Late last month, a Florida jury awarded a $2.75 million verdict for Dr. Baiywo Rop, a doctor of Kenyan descent who won a lawsuit accusing an Adventist Health System hospital of discriminating against him because of his race and national origin. Then, in an unusual development a week later, a judge vacated the jury’s multimillion-dollar judgment against Adventist, the state’s second-largest employer.
In the latest episode of the Law&Crime podcast “Objections: with Adam Klasfeld,” Dr. Rop and his lawyer Jerry Girley describe how that case reminds them of a lesser-remembered part of Martin Luther King’s “I Have a Dream Speech.”
That’s the passage about the proverbial “bank of justice.”
“So what we said to the jury is, ‘Look, here we are again at the Bank of Justice,'” Girley recalls on the podcast. “Promises have been made. You have the authority, the ability to pay this check. It is a payment on a promise that was made hundreds of years ago. It is a payment on the notion the concept of equality before the law.”
Girley had been alluding to Dr. King’s immortal speech during the March on Washington for Jobs and Freedom on Aug. 28, 1963.
“In a sense we’ve come to our nation’s capital to cash a check,” King analogized, alluding to the “promissory note” bequeathed by the Framers of the U.S. Constitution. “This note was a promise that all men, yes, Black men as well as white men, would be guaranteed the ‘unalienable rights’ of ‘life, liberty and the pursuit of happiness.'”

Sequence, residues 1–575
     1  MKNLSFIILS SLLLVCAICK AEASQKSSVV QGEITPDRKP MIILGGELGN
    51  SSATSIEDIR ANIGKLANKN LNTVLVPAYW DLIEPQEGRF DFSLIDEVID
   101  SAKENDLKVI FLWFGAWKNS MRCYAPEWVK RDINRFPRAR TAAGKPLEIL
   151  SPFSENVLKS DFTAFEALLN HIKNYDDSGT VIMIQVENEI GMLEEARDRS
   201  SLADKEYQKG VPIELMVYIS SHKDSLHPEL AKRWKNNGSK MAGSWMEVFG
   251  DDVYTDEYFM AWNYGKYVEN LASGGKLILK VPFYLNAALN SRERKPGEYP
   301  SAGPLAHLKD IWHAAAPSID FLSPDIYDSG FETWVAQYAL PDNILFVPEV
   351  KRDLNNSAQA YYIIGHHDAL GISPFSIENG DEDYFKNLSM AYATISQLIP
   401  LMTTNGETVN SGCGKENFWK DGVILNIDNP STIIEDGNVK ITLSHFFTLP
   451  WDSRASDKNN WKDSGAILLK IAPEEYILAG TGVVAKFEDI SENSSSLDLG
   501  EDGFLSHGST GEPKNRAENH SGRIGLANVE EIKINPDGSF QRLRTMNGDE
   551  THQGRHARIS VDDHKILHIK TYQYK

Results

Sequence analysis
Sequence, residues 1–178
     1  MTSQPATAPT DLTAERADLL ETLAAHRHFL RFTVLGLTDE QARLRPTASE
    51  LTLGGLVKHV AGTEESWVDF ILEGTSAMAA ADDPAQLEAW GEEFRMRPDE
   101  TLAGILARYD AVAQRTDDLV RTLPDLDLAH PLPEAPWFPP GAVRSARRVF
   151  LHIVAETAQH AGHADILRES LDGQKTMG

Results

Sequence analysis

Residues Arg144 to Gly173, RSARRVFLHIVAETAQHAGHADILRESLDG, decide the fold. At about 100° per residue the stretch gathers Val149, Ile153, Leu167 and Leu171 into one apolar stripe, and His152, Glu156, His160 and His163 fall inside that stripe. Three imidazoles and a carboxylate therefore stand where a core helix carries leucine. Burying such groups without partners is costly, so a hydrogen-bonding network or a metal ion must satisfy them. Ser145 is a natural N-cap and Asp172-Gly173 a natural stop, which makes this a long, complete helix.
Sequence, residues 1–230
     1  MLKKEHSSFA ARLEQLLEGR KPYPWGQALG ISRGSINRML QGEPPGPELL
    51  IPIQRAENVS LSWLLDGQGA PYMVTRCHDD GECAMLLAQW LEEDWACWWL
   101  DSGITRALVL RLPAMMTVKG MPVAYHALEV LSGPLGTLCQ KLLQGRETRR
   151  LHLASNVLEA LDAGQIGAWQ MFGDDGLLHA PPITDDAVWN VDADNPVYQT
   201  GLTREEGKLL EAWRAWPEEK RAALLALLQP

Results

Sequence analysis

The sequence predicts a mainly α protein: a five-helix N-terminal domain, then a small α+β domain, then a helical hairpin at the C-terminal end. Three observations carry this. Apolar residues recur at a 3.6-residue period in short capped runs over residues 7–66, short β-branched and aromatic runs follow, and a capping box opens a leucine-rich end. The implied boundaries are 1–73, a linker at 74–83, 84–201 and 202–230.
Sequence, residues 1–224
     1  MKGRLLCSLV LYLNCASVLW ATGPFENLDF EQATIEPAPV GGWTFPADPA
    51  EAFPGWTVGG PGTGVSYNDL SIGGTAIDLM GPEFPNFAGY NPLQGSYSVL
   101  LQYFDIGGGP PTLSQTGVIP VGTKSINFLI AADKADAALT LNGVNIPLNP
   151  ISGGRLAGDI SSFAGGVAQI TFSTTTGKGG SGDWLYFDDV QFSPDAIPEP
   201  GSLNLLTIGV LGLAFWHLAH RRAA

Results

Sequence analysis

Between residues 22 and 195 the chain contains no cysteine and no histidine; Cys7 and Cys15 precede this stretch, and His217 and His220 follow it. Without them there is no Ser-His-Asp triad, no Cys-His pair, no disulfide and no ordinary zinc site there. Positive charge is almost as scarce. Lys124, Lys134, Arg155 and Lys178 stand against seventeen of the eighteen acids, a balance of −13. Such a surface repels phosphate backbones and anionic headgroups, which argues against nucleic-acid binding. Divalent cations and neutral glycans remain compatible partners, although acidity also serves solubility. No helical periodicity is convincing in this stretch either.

Too often for people of color, King added, that note was a “bad check” that comes back marked “insufficient funds.”
A Kenyan native, Dr. Rop pursued his radiology residency in Florida Hospital, run by the state’s largest employer: Adventist. He says he graduated medical school in 2012 before being accepted for a radiology residency the next year.
Then, during his third year in the program, Rop was diagnosed with severe pernicious anemia, and he says that his employer would not accommodate his condition.
Worse, Rop’s superiors falsely accused him of laziness and drug abuse, through racial stereotypes, the doctor alleged.
“Apparently, they made an assumption that I smoked weed, and I overheard an attending saying, ‘Oh, he needs to stop smoking weed,'” Rop recounted on the episode. “So here am I, I am having a disease that could easily kill me—it’s a cheap disease to diagnose, it’s very cheap to treat—but it kills people.”
In 2017, Rop sued the parent company in the Ninth Judicial Circuit in Orange County, Florida, ultimately winning a sizeable verdict following a weeklong trial last month.
Then, a week later, Judge Kevin Weiss of the Ninth Judicial Circuit in Florida overruled the jury’s decision, finding there were “legitimate, non-discriminatory and non-retaliatory reasons” for Dr. Rop’s dismissal.
The four-page verdict did not state what those reasons were, and the judge did not explain why he believed he found the hospital’s stated rationale persuasive enough to overturn a six-person jury’s findings following a weeklong trial.
Adventist did not have a motion at the time asking Judge Weiss to vacate the judgment.
Currently appealing the decision, Rop and Girley want to reinstate the verdict that the judge vacated—and, Girley says, make sure King’s bank of justice operates for his client.
“What we said to the jury is, ‘Dr. Rop is not here seeking a handout, and he traveled a great distance from Kenya to get to this point,” Girley says on the podcast. “He has a dream of becoming a radiologist, he has not abandoned that dream. That dream is on hold, you can help him move forward.”
Adventist did not respond to a request for comment.
Listen to the podcast below:
(Screenshot from Zoom)
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